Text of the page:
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Format: Paperback
I have read a lot of books and a lot of Chuck's books and I have never come across anything so over hyped. This book is aweful, don't waste you time or money. Boring, so boring... Imagine the movie Kingpin only full of meaningless fill and diatribes, with characters that still don't learn anything from the experience. Someone here said it was better than fight club? Maybe if you don't like fighting? The characters were barely developed, more effort was put into house cleaning tips than plot. This seems like it was a short story expanded out into a waste of my time novel.

The plot isn't even remotely believable and neither is the background story. Cults don't send their members away, and children don't become sexless slaves from being exposed to child birth - chidren havn't always been so sheltered from such things. It's a pathetic foundation for a writter of this supposed calibre.

I have never been this disapointed in a piece of writting.

Don't buy this....read the Raw Shark Texts instead, its hard to put down not hard to pick up.
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Format: Paperback
I ordered this book off of EBAY because I love it so much and could never find a secondhand copy in any bookstore (as if Chapters is getting any of my money)
I read fight club, invisible monsters and choke and would say the rest could all be skipped. Seriously, invisible monsters was written first and was only printed after fightclub because they thought it wasnt marketable. Choke has some funny parts, but overall doesnt quite make the cut (and the movie is worse) and fight club is one of those rarities where the movie is actually better. In the book they have marla's mother sending her fat in the mail which they make into soap and there is this large ensuing freakout on marla's part.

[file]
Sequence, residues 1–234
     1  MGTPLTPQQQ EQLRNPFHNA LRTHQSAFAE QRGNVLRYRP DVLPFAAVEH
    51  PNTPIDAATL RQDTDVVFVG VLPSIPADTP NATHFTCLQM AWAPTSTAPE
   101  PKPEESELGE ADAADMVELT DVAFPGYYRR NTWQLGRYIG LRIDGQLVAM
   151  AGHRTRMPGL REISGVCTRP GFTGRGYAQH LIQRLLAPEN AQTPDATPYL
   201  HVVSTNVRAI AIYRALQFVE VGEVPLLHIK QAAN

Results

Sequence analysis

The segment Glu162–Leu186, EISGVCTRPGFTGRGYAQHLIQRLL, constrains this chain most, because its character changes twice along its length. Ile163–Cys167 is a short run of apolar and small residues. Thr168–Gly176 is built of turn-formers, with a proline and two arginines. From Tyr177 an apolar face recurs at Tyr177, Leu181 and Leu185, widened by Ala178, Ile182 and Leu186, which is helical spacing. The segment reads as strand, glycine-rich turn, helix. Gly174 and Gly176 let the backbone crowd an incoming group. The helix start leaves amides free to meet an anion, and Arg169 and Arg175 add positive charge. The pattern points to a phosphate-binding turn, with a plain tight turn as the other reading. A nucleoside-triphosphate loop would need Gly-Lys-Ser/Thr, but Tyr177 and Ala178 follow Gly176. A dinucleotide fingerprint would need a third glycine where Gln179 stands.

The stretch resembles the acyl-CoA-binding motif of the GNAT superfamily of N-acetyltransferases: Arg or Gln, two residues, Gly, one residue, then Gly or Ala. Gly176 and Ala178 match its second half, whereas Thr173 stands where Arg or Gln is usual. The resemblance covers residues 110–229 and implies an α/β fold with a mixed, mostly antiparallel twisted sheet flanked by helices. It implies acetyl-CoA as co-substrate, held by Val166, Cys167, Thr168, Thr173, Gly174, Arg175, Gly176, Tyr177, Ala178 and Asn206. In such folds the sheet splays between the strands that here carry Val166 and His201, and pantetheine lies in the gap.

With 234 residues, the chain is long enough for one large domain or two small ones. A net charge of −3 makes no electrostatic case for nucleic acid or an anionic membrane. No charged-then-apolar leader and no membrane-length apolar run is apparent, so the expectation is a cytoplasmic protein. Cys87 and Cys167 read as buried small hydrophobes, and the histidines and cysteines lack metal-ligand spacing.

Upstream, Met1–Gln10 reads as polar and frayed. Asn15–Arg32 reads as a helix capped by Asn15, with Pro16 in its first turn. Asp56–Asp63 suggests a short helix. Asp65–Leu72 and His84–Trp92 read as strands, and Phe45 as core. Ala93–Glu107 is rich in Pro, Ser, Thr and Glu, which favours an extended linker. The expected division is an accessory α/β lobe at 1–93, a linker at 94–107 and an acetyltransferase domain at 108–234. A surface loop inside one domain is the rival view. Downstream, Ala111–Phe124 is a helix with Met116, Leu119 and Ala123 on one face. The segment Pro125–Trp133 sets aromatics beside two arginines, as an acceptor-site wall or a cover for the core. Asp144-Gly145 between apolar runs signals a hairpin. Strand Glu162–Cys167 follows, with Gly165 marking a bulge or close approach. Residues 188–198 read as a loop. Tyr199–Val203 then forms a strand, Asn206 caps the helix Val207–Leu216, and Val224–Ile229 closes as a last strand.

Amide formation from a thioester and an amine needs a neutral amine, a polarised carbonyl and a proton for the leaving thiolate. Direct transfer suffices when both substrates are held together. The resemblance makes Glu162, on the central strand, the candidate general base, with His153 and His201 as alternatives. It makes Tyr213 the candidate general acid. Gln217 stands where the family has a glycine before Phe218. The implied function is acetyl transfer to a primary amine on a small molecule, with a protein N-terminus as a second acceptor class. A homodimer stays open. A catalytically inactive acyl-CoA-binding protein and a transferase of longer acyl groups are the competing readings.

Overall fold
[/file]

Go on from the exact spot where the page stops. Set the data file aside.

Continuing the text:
Now, survivor. I love the bitter way the author writes, I love the plot twists and I even learned how to clean things and remove stains!
Palahniuk's best book, ever.
period.
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Format: Paperback
As far as Palahniuk's books go, I'll say that this is both the best and most accessible to a general audience. The plot, which smacks of that postmodern touch which makes reading early Palahniuk so exciting, will appeal to those are are seriously interested in social justice, aescetic violence and our modern way of living. Critque of materialism also features in the book.
Certainly deserves a wider audience that it has apparently won thus far.
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Format: Paperback
It's difficult to follow up a work like Fight Club, but here, Palahniuk shows his prosaic dexterity by weaving the same old concept through a wonderfully different tale.
Tender Branson, the lone survivor of the Creedish cult, comes to terms with his instability as he prepares to crash a jetliner into the Australian outback. In classic Palahniuk style, it's a retrospective tale, adding to the misery and discontent with so much of the character's 20-20 hindsight. It's grim and it's dreary, (right in the same vein as Palahniuks other books) but this one is a masterfully dark story. The plot is winding and often overcomplicated, and in the end is somewhat unfulfilling, but the prosaic style is unparalleled. Another solid literary work.